Vacuum Pump Oil Substitute

Vacuum pump oil is a specialized lubricant specifically designed for use in vacuum pumps, and it differs from conventional oils due to its low vapor pressure and particular viscosity. It can be derived from distilled petroleum products or synthetic silicone-based oil with low sulfur content or hydro-treated or 2x/3x distilled oils.

Anti-oxidant, anti-foaming, and corrosion-resistant qualities are all important considerations when selecting the right vacuum pump oil. This article will provide further information about suitable alternatives to traditional vacuum pump oil.

Why Do You Need Vacuum Pump Oil?

This oil helps maintain the performance of a vacuum pump by lubricating its gear mechanism and collecting moisture and contaminants from the system. Its presence allows for smoother operation, making it an integral part of any set-up featuring a dry or oil-sealed vacuum pump.

Requirements To Be A Good Vacuum Pump Oil

The engine’s environment must be considered when selecting a vacuum pump oil. Using a hydrocarbon-based fluid in an oxygen-rich environment can cause oxidation and the formation of toxic products, which will ultimately damage the pump. Thus, non-reactive lines of fluids should be used when possible, with fire-resistant fluids available for automotive applications.

Substitutions For Vacuum Pump Oil

When selecting an oil for use in a vacuum pump, the viscosity of the oil should be taken into consideration. Generally, ISO 22 or ISO 32 is used for liquid ring vacuum pumps, while ISO 68 (SAE 20) or ISO 100 (SAE 30) is recommended for rotary vane vacuum pumps and ISO 220 (SAE 50) for process pumps. If a substitute must be used, it should have an equivalent viscosity to that specified by the manufacturer.

Refrigeration Oil:

Sunrise 3GS is a light mineral refrigeration oil with a 155 SUS/38*C specification. Its pour and flash points are -40 oC and 168 oC, respectively, making it an ideal choice for use instead of other refrigeration oils.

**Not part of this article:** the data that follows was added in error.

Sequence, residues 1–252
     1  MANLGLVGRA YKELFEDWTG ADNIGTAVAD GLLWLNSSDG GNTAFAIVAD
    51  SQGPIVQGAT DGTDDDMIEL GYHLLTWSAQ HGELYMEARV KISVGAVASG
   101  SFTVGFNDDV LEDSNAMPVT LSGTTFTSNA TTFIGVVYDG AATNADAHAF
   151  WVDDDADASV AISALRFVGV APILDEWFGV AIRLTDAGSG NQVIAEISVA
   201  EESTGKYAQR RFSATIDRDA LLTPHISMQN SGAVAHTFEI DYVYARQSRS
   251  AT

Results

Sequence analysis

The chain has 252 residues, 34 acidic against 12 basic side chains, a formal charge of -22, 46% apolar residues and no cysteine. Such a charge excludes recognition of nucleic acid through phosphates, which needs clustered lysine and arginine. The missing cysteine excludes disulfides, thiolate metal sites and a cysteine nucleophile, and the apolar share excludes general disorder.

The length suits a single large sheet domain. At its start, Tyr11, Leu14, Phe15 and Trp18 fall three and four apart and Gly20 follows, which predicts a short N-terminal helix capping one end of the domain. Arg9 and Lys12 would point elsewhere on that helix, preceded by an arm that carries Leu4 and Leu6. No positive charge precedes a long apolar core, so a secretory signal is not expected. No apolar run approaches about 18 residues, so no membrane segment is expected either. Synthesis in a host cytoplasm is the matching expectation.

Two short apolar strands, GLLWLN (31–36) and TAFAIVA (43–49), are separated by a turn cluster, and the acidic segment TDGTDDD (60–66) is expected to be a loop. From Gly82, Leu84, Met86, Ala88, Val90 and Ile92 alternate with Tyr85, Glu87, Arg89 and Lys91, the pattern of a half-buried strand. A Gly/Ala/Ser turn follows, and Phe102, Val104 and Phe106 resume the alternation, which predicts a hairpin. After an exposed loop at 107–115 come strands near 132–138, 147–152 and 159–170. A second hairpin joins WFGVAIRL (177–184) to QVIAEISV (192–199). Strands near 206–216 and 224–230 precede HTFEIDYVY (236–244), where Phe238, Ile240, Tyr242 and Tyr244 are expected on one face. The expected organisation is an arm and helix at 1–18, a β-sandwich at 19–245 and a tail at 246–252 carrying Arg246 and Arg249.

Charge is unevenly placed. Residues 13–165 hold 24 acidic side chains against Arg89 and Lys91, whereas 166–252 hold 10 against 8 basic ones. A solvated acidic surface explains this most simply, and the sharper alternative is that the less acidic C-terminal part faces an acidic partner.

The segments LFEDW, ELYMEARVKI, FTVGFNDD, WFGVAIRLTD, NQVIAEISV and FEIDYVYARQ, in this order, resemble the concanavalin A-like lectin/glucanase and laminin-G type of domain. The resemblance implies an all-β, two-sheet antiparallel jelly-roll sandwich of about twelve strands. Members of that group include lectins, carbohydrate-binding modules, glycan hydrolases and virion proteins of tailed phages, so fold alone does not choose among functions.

Hydro-Treated/Hydrocracked Oils:

Hydrocracked Oils
Hydrocracked Oils

HVO is a biofuel created through the hydrocracking or hydrogenation of vegetable oil. The process involves breaking down large molecules into smaller ones with hydrogen and adding additional hydrogen to those molecules to make them more usable for energy production. This technology provides an efficient and renewable source of fuel that can be used in various applications.

Polyalphaolefin (PAO):

These synthetic oils have been proven to perform well under high and low temperatures, with good oxidative and thermal stability. They also show excellent compatibility with mineral oils and other maximum synthetics.

Motor Oil:

It has been determined that straight 30-weight, non-detergent motor oil can be used as an alternative to vacuum pump oil.


This category includes both diesters and POEs, which are forms of synthetic oils. Their higher thermal stability makes them well-suited for applications subject to elevated temperatures.

Their high polarity and natural detergent-like properties prevent varnishing or sludge build-up, making them more advantageous. Furthermore, they are highly effective at cleaning surfaces.

A Comparison Chart For Compatible Substitutions

Fluid Characteristics Temperature Range Affordability
Refrigeration Oil